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The Adansonian Hive


“These bees are constitutionally obnoxious, one does not get anywhere with them”. These are the ways most people who have come close to African bees have described their findings after a visit to a hive originating from this continent.

In 1980 Professor Roch Domerego meets with beekeepers from Rwanda and reviews at length their traditional knowledge of beekeeping. He also meets with monks who keep bees in the European Langstroth hives. After a few months of various trials, he comes to realize that a key concept is missing to this beekeeping that endeavors to domesticate the African bee. Then he decides to go deep into the woods to observe the bees in their natural habitat. He is quite impressed by the fact that their behavior, in their free state, is very different from what he knew so far.

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When coming close to a wild swarm, he notices that the bees are normally aggressive, quite a major difference from their usual frightening behavior. He can observe their activity, do counts, measure precisely the dimension of their nest and, most important, observe how different their biorhythm was from that of the European bees: their foraging hours, their times of inactivity… All this reflects the adaptation of their rhythm to that of their plant world. This work in the field lasted four months, time needed to collect enough information to achieve statistical significance. 

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He sets the basics of a new hive corresponding to their natural habitat and calls it “the Andansonian”. Its sizes and structure are the result of his research. You can find attached the drawings allowing you to build this type of hive. Together with his carpenter companion who worked with him on the project, they study the most economical ways to build this hive. The outcome is a series of slats of one single dimension that allows the construction of a hive super solid enough for the demands of the climate and of the manipulations. Each side of the super is constructed with four boards glued together in the customary fashion (white glue, with pressure during drying time…).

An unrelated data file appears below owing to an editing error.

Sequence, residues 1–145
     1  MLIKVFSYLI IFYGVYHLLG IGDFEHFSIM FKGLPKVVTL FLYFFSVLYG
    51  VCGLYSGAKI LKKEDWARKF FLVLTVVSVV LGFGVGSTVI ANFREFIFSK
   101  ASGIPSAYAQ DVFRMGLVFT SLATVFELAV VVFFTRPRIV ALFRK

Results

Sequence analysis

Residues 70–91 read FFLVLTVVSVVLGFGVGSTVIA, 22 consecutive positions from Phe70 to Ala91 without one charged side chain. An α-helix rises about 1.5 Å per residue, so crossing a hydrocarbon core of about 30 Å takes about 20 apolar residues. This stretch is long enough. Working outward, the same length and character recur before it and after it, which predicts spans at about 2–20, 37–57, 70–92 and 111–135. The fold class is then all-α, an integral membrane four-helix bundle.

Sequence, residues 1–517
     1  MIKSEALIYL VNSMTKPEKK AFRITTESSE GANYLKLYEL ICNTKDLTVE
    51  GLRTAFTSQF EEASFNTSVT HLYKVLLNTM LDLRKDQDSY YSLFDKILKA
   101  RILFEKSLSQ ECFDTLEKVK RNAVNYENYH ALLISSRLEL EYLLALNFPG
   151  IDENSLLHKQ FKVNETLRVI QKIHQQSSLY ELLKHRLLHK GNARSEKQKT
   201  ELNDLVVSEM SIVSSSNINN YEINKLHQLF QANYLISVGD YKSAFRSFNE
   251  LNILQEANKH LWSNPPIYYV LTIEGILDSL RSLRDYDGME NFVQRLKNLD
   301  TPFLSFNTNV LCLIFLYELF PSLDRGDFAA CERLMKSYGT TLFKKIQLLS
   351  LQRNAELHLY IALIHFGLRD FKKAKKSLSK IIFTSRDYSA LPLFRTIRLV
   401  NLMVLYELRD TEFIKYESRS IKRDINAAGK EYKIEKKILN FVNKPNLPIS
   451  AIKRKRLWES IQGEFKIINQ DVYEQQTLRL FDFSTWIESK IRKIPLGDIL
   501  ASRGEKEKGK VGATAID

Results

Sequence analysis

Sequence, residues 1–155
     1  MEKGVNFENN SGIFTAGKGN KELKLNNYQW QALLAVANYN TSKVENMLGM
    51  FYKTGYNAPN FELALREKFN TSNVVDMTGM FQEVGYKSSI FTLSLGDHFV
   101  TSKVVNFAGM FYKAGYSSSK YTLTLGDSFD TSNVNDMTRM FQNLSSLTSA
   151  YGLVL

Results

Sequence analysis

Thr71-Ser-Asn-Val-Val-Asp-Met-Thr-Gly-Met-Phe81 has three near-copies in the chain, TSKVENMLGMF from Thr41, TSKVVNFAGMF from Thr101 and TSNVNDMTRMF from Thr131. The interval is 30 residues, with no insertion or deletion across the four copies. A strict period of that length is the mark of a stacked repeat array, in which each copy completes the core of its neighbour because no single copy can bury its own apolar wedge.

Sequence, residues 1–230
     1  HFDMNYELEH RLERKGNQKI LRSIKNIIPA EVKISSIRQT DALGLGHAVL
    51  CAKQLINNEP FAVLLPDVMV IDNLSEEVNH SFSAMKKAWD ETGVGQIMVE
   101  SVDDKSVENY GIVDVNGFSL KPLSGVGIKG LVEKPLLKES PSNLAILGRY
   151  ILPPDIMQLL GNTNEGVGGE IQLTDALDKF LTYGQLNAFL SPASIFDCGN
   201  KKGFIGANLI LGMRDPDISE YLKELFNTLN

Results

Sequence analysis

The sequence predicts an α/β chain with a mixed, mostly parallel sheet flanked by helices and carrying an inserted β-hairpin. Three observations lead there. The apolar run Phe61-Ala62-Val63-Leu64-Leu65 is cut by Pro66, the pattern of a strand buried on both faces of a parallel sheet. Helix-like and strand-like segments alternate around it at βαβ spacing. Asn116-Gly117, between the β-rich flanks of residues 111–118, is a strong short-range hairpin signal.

With this method one obtains panels that are far more resistant than plain wood, which tends to yield to climate variations. Each side is built in alternating the positions of the boards in such a way to produce mortises. The sides built this way will the be assembled, glued and nailed to create the super. A minimum amount of wood and a maximum degree of strength define the criteria of sustainable development.

Test apiaries have been set in Rwanda demonstrating that African bees developed in these hive like Europeans do in the Langstroth :

  • good development of the brood,
  • strong colonies,
  • a second hive body where the queen can lay at peak season,
  • a bee population that became progressively more gentle through mass selection,
  • a markedly decreased occurrence of parasites and mycosis, and, most important,
  • an average yield that is fifteen time that of a traditional hive and ten times that of the Langstroth hive in that country.

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In 2005, at the time of the start of the Apitherapy project in Burkina Faso, two experimental apiaries totaling 20 Adansonian hives were set up under the leadership of Professor Théodore Cherbuliez. Dr. Moussa Savadogo is in charge of the building and the running of these colonies. Here is his testimonial after a few months.

During my visit of Saturday 30 April, just at the beginning of the season, I had the great pleasure to observe an abundance of eggs in the recently divided colonies. I saw the queens. In one of the hives the brood was placed in the second super. The egg pattern is beautiful. And most colonies’ aggressivity could be well handled. That weekend I marked 4 queens. I was very moved and proud to be able to find, then catch and mark African queens. This is the first time that this could be done in Burkina Faso, and of course, this was only possible thanks to the Adansonian hive.

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Click on the thumbnails to get the big shots.